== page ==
Mitochondria, organelles that generate energy in the body, are composed of simple organophospholipid bilayer membranes, intermembrane spaces, complex internal phospholipid bilayers, and mitochondrial matrices. They are especially enriched in the heart muscle, skeletal muscle, liver, kidney, and especially neuronal cells, which need high levels of energy to function [65]. The biological oxidation of glucose is a precise process that relies on the oxidized the mitochondrial respiratory chain to transfer electrons from NADH and succinate to oxygen and finally the combination of hydrogen protons and oxygen to form water and release ATP [66]. The oxidized respiratory chain consists of four mitochondrial complexes located on the inner mitochondrial membrane, called complexes I, II, III, and IV. They are NADH-CoQ reductase, succinate-CoQ reductase, CoQ-cytochrome c reductase, and cytochrome c oxidase. Ubiquinone (CoQ) and cytochrome c are two freely diffusible molecules that mediate electron transfer between complexes [67]. Current research shows that HIF can regulate the biological oxidation of glucose through the regulation of mitochondria in a hypoxic environment, including the regulation of mitochondrial biogenesis, the generation of ROS [68, 69] and the removal of mitochondria.

HIF inhibits mitochondrial biogenesis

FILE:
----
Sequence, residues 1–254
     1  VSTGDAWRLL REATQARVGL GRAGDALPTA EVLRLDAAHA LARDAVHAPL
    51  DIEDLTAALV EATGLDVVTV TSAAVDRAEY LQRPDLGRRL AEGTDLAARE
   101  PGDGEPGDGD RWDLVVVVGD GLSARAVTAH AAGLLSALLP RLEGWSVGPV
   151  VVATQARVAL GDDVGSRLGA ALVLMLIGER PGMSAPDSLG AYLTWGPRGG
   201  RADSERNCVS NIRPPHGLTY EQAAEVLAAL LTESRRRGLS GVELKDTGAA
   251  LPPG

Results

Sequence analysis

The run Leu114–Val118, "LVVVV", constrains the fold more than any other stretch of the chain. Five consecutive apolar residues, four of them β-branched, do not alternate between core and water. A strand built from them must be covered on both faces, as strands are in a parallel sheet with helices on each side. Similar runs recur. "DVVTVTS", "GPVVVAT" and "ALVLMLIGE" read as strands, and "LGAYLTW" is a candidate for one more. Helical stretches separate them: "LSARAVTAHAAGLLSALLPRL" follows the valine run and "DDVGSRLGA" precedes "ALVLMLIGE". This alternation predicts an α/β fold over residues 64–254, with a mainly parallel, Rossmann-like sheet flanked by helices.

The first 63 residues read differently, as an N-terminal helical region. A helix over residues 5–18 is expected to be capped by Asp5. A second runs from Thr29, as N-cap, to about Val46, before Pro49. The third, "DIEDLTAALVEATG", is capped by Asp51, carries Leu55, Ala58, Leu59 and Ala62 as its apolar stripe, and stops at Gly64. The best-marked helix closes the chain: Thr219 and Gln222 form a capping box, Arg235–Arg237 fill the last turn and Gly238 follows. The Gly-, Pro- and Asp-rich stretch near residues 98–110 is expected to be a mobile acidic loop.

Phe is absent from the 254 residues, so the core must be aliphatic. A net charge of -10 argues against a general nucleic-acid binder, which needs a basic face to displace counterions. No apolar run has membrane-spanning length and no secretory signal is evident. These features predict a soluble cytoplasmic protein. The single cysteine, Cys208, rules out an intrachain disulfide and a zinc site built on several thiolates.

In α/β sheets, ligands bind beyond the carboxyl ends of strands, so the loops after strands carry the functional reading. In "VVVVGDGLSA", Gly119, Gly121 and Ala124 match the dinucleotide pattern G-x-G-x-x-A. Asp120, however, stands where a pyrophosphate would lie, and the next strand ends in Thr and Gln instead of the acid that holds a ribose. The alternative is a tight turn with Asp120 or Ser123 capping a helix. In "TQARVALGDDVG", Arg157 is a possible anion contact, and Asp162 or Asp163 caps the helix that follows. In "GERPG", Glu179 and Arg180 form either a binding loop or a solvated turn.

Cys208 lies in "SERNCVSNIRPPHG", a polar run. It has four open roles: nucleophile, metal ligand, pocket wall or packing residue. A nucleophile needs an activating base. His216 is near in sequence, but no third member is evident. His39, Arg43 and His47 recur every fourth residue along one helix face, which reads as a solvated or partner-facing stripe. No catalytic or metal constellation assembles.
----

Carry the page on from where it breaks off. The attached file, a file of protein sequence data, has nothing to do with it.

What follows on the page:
Because of the important role of mitochondria in energy production, the regulation of mitochondrial biogenesis by HIF under hypoxia is an important mechanism by which biological oxidation is regulated. According to reports, in kidney cancer cells lacking VHL, HIF-1α can negatively regulate mitochondrial mass and O2 consumption. Further in vitro experiments showed that Myc-transformed cancer cells exhibited an increased mitochondrial mass and increased rate of oxygen consumption. Furthermore, it has been reported that Myc-overexpressing tumor cells are exquisitely sensitive to the inhibitor of the mitochondrial electron transport chain. Myc-induced transformation from oxidation glucose as the main strategy to the conversion essential to the activity substrate. This paradoxical phenomenon can be explained by the accumulation of glutamine, the major catabolizing bio-energetic substrates in mitochondrial TCA cycle. Myc-induced transformation leads to the conversion from glucose to glutamine as the oxidizable substrate which is essential to maintain TCA cycle activity [70]. HIF-1α not only can bind and activate the transcription of the MXI-1 gene, thereby inhibiting the transcriptional activity of c-Myc through its encoded product but can also promote the degradation of c-Myc in an independent manner through MXI-1. More specifically, c-Myc regulates mitochondrial biogenesis by inhibiting PGC-1β [56, 71, 72]. In a recent study, researchers established transgenic mice with liver-specific PGC-1β overexpression (LivPGC-1β) and PGC-1β gene knockout (LivPGC-1βKO), and in vivo experiments demonstrated that PGC-1β played a key role in driving tumour development [73]. In addition, the role of PGC-1α in promoting mitochondrial biogenesis was also confirmed in a recent study [74] but did not confirm whether it was also targeted by HIF in tumour cells. Additionally, HIF-1α can inhibit mitochondrial biogenesis by inhibiting the expression of PINK1, an essential gene for mitochondrial biogenesis. The HEY1 gene is an important member of the HEY family, which mainly functions to recruit corepressors for its target genes to inhibit transcription. Under hypoxia, HIF-1α can upregulate the expression of HEY1 and then recruit corepressors to inhibit the transcriptional activity of PINK1, reducing mitochondrial mass and promoting the growth of cancer cells [75]. In summary, the inhibition of mitochondrial biogenesis by HIF depends mainly on the regulation of key genes, such as c-Myc, PGC-1, and PINK1, which may also provide new therapeutic targets for future cancer treatment. However, it is not unclear that the mechanisms underlying how hypoxia is sensed to trigger mitophagy.